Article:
CHICAGO (CN) – Questioning former Illinois U.S. Representative Aaron Schock’s separation of powers defense, a Seventh Circuit panel appeared likely Wednesday morning to allow the government’s corruption case against the disgraced politician to move forward.
Schock, the former U.S. representative for Illinois’s 18th congressional district from 2009 to 2015, was the youngest member of Congress when he first took his seat at age 27, and was seen as a rising star in the Republican Party.
But he abruptly resigned in 2015 after a Washington Post story reported that he had redecorated his congressional offices to model them off the luxurious aristocratic home portrayed in the BBC drama “Downton Abbey.”
New members of Congress are entitled to a free new paint job, but there are a limited number of colors available, so offices on Capitol Hill are invariably painted beige, eggshell, light blue or light yellow.
Looking to stand out, Schock accepted the free services of a decorator who painted his rooms deep red with white trim. The redecorated offices featured a gold-colored wall sconce with black candles, a display of pheasant feathers, a Federal-style bull’s eye mirror with an eagle on top, and a $5,000 chandelier.
Schock spent $40,000 on redecorating his office and improperly sought reimbursement for $15,000 of those expenses, according to the government’s indictment.
But perhaps more seriously, the government also accuses the former representative of fraudulently seeking reimbursement for 150,000 more miles than he actually drove.
Schock requested reimbursement for 170,000 miles driving on his personal Chevy Tahoe between 2010 and 2014, but when he transferred that car back to the dealer in mid-2014, he reported that it had only been driven 80,000 miles.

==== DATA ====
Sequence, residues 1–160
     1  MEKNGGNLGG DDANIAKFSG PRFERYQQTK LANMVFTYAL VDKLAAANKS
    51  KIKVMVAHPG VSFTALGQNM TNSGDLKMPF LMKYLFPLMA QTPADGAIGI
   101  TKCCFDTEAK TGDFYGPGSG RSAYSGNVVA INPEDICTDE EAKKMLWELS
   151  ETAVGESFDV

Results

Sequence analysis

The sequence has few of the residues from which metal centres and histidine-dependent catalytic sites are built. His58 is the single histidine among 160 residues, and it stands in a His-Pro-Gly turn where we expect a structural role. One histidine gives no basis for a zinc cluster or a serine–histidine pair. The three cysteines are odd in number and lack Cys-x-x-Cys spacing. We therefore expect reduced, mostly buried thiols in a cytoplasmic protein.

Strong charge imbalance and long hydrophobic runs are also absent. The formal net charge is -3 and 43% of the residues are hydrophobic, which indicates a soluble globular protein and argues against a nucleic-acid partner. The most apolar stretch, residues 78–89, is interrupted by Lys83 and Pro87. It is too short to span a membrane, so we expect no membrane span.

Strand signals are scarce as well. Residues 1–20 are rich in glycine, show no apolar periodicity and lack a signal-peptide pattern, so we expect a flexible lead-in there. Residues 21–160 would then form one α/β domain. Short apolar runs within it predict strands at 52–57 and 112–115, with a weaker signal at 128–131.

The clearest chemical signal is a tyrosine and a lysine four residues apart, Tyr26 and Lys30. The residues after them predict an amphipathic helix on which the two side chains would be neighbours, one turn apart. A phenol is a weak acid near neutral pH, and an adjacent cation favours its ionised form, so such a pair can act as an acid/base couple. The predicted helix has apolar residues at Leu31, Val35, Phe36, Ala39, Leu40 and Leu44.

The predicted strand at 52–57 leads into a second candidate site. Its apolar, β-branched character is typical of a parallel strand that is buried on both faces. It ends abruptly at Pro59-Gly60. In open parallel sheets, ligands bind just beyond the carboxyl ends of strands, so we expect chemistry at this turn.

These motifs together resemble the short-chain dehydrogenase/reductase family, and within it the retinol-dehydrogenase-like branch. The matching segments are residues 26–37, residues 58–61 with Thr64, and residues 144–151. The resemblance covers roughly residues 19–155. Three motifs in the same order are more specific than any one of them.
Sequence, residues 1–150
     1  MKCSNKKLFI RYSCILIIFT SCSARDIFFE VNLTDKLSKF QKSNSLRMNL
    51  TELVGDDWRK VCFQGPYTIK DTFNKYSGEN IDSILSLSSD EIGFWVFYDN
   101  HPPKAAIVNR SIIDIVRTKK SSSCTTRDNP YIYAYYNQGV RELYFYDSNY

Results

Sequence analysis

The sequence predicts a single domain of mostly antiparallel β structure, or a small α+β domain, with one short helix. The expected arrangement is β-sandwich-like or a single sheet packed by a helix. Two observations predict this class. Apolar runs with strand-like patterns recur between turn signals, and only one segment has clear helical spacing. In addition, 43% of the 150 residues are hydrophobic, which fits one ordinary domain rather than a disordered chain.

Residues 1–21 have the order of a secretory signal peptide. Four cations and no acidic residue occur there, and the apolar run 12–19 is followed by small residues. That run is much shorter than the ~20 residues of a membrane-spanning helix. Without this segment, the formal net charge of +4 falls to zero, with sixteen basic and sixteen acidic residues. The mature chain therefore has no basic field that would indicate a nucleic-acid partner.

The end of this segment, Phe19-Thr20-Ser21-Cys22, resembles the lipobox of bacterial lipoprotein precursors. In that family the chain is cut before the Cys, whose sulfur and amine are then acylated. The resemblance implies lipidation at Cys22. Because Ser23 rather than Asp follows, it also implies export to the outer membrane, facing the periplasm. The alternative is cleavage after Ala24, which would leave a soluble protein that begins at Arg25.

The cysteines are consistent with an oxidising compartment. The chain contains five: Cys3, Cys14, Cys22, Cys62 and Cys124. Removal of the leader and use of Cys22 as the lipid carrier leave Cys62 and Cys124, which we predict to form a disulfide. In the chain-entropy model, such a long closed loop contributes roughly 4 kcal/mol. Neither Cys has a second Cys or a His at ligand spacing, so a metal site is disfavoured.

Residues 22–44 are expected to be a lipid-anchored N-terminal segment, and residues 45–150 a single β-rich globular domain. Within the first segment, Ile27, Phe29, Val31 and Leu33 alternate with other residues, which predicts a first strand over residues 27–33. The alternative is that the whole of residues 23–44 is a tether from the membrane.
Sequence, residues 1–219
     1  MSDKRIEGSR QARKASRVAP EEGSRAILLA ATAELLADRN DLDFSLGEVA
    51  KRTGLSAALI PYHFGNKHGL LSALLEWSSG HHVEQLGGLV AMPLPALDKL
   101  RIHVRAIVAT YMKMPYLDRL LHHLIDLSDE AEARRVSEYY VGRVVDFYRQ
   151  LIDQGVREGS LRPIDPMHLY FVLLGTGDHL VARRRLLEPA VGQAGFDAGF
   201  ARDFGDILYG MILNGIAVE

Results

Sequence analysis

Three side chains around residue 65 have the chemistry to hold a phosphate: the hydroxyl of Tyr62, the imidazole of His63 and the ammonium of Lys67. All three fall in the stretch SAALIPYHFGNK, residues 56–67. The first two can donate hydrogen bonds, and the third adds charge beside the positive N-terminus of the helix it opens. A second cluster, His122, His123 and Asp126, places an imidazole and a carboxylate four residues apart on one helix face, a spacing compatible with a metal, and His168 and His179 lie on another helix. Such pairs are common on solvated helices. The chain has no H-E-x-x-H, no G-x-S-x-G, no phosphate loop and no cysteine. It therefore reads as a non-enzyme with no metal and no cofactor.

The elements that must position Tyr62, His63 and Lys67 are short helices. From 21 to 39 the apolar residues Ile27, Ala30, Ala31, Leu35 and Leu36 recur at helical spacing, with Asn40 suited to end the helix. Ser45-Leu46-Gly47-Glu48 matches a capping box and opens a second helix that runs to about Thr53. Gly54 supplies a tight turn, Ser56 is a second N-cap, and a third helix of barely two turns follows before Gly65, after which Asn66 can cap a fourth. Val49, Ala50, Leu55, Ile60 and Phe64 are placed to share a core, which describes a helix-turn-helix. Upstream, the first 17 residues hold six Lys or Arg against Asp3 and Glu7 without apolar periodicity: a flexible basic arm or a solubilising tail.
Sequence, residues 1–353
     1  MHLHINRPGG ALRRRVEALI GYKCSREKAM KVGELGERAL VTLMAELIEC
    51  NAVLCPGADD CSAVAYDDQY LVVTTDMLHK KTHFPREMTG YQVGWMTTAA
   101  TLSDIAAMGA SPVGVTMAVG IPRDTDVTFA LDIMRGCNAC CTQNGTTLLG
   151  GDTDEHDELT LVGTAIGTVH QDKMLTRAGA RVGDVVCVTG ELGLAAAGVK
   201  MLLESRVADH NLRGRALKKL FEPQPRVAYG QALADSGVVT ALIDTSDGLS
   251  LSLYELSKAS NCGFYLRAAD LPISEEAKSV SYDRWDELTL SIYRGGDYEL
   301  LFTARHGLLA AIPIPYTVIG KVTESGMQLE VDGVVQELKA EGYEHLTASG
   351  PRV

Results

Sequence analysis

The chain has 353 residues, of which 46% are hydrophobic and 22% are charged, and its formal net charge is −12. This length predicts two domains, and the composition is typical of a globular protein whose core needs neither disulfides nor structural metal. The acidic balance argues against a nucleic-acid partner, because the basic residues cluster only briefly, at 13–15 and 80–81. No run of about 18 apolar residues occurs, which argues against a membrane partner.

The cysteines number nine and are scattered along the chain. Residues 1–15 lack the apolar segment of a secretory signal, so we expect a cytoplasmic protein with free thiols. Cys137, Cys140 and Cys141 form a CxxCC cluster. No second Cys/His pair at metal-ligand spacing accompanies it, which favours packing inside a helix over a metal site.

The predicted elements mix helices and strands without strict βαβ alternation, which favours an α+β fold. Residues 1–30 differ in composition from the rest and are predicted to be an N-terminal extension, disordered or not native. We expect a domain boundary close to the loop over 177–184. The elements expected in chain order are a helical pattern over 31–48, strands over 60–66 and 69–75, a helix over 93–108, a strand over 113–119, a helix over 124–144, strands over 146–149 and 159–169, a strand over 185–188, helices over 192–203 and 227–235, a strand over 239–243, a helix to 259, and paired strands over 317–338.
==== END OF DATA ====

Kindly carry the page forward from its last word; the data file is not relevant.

Similarly, the odometer of his previous vehicle showed that he had driven fewer miles on it than the total miles he sought reimbursement for from the government.
Schock’s defense claims the government is basing its prosecution on his alleged violations of the rules of the House of Representatives in an unconstitutional breach of the separation of powers doctrine.
Many of the House’s rules regarding reimbursements for furnishings are ambiguous. The handbook, for example, expressly lists rugs as both non-reimbursable furniture and a reimbursable decoration.
Schock’s attorney Benjamin Hatch with McGuire Woods argued Wednesday morning before a Seventh Circuit panel that allowing a federal judge to interpret the House’s rules will essentially allow the judicial branch to decide how the legislative branch should govern its members.
Chief U.S. Circuit Judge Diane Wood was not convinced.
“Is it your view that the House can pass a rule that it can give each representative $1 million but that that representative does not need to report it on their tax return?” she asked Hatch.
Hatch acknowledged that such a rule would be impermissible because it would conflict with the Internal Revenue Code.
She also asked the attorney, “What point is there in reading House rules as requiring only partial honesty?” but Hatch declined to weigh in on the matter.
The three-judge panel appeared convinced that there was little ambiguity in the House’s mileage reimbursement rules, even if Schock had some wiggle room with regard to his request for reimbursement for furniture.
“There are some rules that are more solid,” Judge Wood said, giving the air a little poke with her pen, “like, don’t lie about your mileage. I can’t fathom what else it could possibly be,” she said, prompting a general chuckle from the bench.
Justice Department attorney William Glaser told the court that Schock has made much of the House rules and their proper interpretation, but he is being prosecuted under the laws concerning wire fraud.
“The question is not whether he violated the House rules,” Glaser said, “but to show materiality and intent – the fact that he was on notice he had to report his mileage accurately.”
U.S. Circuit Judges Frank Easterbrook and Joel Flaum also served on Wednesday’s panel.
The court is expected to issue a ruling in the matter within three months.